A recent migration case rejects the idea that translation mistakes in visa interview situations give rise to jurisdictional error1. Putting this context to one side, two comments in the case illustrate key things about ‘interpretation’ more generally. First, from Edelman J (at ) – The art of interpreting is the art of explaining meaning. Statutory interpretation involves saying what parliament objectively meant by the words it used. It is an ‘art’ in the sense of being neither mechanistic nor scientific. But interpretation is a disciplined ‘art’ – it is subject to process and principle. Second, from the plurality (at ) – Perfect interpretations simply do not exist2. One way this plays out is that, at the difficult end of things, there are rarely 100% right or 100% wrong answers. Interpretation typically involves weighing relative merits, rather than the discovery or assertion of absolutes.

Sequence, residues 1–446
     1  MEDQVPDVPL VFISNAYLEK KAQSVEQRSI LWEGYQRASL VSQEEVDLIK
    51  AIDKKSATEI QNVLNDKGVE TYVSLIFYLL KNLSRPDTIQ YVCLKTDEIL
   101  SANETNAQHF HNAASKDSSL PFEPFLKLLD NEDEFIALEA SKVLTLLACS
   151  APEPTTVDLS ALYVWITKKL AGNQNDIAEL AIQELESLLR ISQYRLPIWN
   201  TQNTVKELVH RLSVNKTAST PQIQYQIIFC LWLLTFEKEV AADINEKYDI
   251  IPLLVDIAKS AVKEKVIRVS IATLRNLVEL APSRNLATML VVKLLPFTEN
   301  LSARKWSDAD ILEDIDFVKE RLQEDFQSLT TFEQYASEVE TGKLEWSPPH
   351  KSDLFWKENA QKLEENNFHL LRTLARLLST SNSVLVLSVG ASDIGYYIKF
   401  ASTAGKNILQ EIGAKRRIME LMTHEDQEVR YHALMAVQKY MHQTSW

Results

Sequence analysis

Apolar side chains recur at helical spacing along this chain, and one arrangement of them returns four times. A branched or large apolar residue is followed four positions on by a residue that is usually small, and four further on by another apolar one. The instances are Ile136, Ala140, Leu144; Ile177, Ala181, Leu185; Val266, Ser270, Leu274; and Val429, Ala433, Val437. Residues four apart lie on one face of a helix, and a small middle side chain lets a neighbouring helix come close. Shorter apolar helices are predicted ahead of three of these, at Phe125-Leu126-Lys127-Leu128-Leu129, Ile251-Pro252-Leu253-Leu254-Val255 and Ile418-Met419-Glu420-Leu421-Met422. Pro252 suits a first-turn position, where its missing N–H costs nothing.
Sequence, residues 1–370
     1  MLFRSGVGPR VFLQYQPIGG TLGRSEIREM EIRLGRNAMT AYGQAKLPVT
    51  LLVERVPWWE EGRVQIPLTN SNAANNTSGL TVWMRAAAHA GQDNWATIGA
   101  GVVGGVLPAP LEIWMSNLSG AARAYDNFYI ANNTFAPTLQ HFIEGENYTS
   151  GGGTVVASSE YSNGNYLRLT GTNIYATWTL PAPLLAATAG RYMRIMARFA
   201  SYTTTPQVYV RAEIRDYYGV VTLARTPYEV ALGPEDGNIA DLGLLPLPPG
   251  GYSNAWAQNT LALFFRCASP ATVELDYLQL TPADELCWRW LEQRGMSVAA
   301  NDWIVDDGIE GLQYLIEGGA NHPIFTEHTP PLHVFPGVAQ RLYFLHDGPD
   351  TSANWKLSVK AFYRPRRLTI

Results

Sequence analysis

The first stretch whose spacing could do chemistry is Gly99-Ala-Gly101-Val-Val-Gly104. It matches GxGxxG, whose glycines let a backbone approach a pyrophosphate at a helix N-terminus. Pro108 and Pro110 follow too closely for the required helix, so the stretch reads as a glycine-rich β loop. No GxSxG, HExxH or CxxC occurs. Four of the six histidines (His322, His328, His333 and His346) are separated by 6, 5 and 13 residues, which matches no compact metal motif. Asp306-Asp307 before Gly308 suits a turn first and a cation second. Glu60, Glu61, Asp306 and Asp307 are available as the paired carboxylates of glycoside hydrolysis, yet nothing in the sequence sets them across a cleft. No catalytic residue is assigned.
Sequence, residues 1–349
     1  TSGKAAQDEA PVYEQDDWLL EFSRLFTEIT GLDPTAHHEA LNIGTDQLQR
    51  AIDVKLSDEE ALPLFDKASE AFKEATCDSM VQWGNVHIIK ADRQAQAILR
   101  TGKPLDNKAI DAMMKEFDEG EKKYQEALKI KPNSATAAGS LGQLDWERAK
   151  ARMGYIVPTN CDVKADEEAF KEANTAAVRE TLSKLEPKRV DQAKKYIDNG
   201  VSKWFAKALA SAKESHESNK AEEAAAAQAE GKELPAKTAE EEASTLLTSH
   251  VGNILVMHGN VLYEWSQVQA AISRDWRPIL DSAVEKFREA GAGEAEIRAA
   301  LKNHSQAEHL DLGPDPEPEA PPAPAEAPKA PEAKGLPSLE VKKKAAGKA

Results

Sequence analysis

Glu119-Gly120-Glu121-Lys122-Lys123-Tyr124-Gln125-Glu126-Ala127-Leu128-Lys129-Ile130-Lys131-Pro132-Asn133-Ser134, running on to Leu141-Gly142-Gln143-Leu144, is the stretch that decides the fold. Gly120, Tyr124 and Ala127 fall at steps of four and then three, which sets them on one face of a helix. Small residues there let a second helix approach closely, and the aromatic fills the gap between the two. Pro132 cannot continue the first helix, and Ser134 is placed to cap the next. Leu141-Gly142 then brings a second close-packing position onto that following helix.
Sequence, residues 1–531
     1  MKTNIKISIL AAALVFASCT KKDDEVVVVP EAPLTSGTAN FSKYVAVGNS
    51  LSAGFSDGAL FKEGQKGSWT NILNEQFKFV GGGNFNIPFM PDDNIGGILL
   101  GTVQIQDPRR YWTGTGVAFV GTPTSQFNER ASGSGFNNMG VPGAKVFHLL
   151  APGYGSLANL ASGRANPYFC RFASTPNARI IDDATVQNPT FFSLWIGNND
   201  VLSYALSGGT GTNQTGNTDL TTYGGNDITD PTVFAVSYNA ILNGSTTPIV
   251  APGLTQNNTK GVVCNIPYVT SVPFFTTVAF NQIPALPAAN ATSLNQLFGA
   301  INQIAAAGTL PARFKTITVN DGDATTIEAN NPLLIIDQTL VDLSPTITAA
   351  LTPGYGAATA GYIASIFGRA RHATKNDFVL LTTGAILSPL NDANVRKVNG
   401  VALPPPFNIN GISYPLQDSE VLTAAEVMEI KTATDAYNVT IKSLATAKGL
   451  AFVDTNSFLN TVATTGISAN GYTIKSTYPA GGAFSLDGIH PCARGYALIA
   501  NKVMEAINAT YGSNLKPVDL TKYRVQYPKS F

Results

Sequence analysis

Gordon Brysland – Tax Counsel Network
See here for the official PDF of Episode 72 of interpretation NOW!
In this episode:
Credits – Gordon Brysland, Oliver Hood, Jeffrey Barnes & Chris Sievers.
1 DVO16 v Minister for Immigration and Border Protection  HCA 12.
2 punctuation omitted from original, Perera (1999) 92 FCR 6 (at 18) quoted.